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I am getting a syntax error on the last line of this function:

let rec countAll(doorlist, count) =
    let listdoor = [];
    countZero(doorlist, count) :: listdoor;
    countOne(doorlist, count) :: listdoor;
    countTwo(doorlist, count) :: listdoor;;

I might be confused about how to return something from an Ocaml function. I want to return "listdoor", which is supposed to be a list containing the output of the functions countZero, countZero and countTwo.

I'm getting a syntax error on the last lint, last few characters of this code:

File "MonteeHall.caml", line 30, characters 38-40:
Error: Syntax error
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I can provide the other functions if you'd like. –  Josh Sep 27 '12 at 17:56

2 Answers 2

I'd say the biggest problem I see is that let x = value is meaningful only at the top level. Inside other constructs, the only form available is let x = value in y. So, you're missing the in part.

Generally I would propose to use ; sparingly at first. You have to think of an OCaml function as one big expression (with a value). It's not like procedural languages that have a sequence of actions (things to do).

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Hmm. So I should do this? "let listdoor = [] in countALL", Then I get an error about too many arguments. –  Josh Sep 27 '12 at 18:24
    
My guess is that this is an assignment that's supposed to teach you about recursion. So countAll should have two parts: (a) a test to see if the answer is completely trivial (where the answer is obvious); (b) a way to get the answer from an easy calculation and a recursive call with a smaller problem size. –  Jeffrey Scofield Sep 27 '12 at 18:41

To add to Jeffrey's answer, it looks like you meant to add items to listdoor in three steps. The confusion is about the meaning of ; and :: in ocaml. And you and I are both in the habit of programming by doing sequences of steps, as we did in other languages.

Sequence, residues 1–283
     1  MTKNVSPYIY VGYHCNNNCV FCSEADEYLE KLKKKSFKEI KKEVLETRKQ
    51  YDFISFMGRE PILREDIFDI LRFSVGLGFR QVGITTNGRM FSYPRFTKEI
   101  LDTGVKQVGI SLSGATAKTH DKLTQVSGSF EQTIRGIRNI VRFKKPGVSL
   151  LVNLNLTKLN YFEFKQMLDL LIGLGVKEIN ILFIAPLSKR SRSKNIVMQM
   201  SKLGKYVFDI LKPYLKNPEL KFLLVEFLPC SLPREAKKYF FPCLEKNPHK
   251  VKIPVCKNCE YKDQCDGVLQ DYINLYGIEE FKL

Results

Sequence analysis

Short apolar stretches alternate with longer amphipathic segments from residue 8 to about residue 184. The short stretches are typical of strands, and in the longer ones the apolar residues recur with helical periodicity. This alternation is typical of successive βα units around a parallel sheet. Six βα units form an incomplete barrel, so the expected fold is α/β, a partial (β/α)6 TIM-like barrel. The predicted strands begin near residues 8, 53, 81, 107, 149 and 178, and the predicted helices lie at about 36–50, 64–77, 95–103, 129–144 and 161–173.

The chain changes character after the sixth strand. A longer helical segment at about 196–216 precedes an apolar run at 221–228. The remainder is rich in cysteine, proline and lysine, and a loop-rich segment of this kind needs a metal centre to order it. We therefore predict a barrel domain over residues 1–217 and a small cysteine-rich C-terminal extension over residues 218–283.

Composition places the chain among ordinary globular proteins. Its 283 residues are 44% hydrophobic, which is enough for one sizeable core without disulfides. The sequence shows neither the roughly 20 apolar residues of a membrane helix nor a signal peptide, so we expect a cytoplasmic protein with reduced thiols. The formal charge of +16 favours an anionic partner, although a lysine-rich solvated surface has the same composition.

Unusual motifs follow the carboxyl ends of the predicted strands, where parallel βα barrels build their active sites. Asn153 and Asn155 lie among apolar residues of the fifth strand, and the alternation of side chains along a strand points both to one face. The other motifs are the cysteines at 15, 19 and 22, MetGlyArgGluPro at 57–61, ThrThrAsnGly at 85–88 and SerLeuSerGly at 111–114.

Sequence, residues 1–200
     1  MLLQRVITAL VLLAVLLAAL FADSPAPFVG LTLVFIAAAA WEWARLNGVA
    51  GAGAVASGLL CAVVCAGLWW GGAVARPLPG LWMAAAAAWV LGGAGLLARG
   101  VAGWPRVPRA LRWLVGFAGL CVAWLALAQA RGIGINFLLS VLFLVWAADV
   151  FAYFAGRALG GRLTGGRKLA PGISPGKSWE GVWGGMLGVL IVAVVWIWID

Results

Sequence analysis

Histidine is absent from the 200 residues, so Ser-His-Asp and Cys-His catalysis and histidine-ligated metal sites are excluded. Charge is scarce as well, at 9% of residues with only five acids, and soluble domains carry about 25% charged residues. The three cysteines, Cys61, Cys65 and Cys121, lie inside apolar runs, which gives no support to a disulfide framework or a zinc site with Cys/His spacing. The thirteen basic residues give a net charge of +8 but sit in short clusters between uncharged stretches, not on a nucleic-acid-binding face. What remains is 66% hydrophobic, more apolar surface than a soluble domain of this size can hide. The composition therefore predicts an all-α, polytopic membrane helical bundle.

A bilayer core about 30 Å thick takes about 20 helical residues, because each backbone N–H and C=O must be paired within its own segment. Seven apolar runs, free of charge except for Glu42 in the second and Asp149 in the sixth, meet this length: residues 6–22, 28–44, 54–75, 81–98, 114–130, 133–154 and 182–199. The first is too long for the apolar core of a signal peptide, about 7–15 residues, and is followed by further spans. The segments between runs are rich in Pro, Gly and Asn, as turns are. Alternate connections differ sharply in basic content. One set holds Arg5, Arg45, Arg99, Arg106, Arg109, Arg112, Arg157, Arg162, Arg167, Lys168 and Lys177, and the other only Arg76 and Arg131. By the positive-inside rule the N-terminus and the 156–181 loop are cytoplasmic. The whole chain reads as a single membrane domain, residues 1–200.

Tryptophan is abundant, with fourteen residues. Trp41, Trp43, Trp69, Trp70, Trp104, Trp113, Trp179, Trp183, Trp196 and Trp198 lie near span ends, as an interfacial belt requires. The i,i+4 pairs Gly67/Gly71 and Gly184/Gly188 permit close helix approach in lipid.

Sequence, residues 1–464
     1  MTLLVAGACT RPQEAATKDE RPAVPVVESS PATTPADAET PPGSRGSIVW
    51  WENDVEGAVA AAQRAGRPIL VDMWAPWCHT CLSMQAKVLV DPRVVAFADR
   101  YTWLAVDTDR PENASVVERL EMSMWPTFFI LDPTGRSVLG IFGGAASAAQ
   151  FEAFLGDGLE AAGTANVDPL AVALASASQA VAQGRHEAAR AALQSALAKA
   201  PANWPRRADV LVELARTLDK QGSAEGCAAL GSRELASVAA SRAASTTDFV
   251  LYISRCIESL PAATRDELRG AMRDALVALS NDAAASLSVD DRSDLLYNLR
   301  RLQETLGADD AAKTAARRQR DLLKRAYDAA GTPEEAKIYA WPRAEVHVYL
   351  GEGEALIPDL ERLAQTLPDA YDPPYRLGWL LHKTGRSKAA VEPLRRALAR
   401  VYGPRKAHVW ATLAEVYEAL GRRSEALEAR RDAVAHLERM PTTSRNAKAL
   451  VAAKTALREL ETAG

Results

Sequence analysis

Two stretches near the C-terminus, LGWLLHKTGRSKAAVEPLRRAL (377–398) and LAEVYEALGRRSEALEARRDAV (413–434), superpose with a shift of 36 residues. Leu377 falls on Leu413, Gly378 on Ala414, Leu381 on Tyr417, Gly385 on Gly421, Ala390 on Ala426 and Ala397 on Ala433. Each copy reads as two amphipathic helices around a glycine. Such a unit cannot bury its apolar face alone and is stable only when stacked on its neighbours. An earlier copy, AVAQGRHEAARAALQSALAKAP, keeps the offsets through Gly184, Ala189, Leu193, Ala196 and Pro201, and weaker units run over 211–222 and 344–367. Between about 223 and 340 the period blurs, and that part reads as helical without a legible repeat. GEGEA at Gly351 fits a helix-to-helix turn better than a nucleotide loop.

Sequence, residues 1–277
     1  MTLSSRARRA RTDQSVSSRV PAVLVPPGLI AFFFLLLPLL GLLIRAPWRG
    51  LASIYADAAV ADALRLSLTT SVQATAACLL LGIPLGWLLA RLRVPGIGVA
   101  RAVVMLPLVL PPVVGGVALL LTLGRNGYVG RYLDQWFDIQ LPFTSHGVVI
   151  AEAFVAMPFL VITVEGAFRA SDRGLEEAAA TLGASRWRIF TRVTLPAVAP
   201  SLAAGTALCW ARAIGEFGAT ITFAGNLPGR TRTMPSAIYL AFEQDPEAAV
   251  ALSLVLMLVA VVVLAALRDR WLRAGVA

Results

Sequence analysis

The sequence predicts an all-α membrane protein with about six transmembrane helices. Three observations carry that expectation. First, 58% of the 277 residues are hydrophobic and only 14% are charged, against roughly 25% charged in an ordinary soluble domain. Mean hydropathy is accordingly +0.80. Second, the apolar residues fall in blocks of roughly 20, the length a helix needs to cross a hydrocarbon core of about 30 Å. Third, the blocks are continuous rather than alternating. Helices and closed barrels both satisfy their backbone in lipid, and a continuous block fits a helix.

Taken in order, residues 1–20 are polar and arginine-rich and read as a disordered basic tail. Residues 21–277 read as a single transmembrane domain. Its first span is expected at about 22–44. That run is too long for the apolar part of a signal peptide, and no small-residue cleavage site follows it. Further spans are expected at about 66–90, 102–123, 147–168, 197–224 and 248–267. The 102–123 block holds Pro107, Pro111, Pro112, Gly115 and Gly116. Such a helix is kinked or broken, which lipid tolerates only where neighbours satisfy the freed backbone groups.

Everything to the right of = is one big expression that evaluates to the function's return value. That's how values are returned from functions in ocaml.

When the expression has ;'s in it, the ; is a delimiter between sub-expressions. Each sub-expression gets evaluated, and all the return values except for that of the last sub-expression get discarded (those sub-expressions aren't useless though - the reason for using ; is to accumulate side-effects).

But the :: doesn't act by side effect - cons is just a function with a return value.

So your lines countZero(doorlist,count) :: listdoor and countOne(doorlist,count) :: listdoor each produced a new list, but each of those lists was discarded.

If you want to keep the meaning the same, and build up a list in sequence, you could do it by storing the steps of the accumulation using let and in:

let countAll(doorlist,count) =
    let step1 = [] :: countZero(doorlist,count) in
    let step2 = step1 :: countOne(doorlist,count) in
    let step3 = step2 :: countTwo(doorlist,count) in
    step3
;;

If keeping all those intermediate names around seems less efficient than the series of concatenations you had in mind in your posting, it's because this kind of thing is more terse if you express the function in a way that resembles the verbal description you gave, instead of the sequential way that you were encouraged to come up with by other languages. If you want to collect the result of three functions into a list, you can simply do this:

let collectResults (a,b) = 
    [ fun1 (a,b) ;  fun2 (a,b) ; fun3 (a,b) ]
;;

Do you see how the return value (everything to the right of =) matches up with the description you gave for your function: "which is supposed to be a list containing the output of the functions"? (NB: semicolons within the square brackets delimit elements in a list - different meaning from the ;'s earlier!)

Two other minor points:

If the function you are defining doesn't call itself, there is no need to declare it 'rec'. But maybe Jeffrey's hunch is right and in fact you meant to have some recursive calls here somewhere.

There's no need to make a name for your return value (listdoor in your case). If the function's definition is very short like this one, let the definition itself be your 'label' for the return value. In the last code block, the function doesn't give a name to the list it returns.

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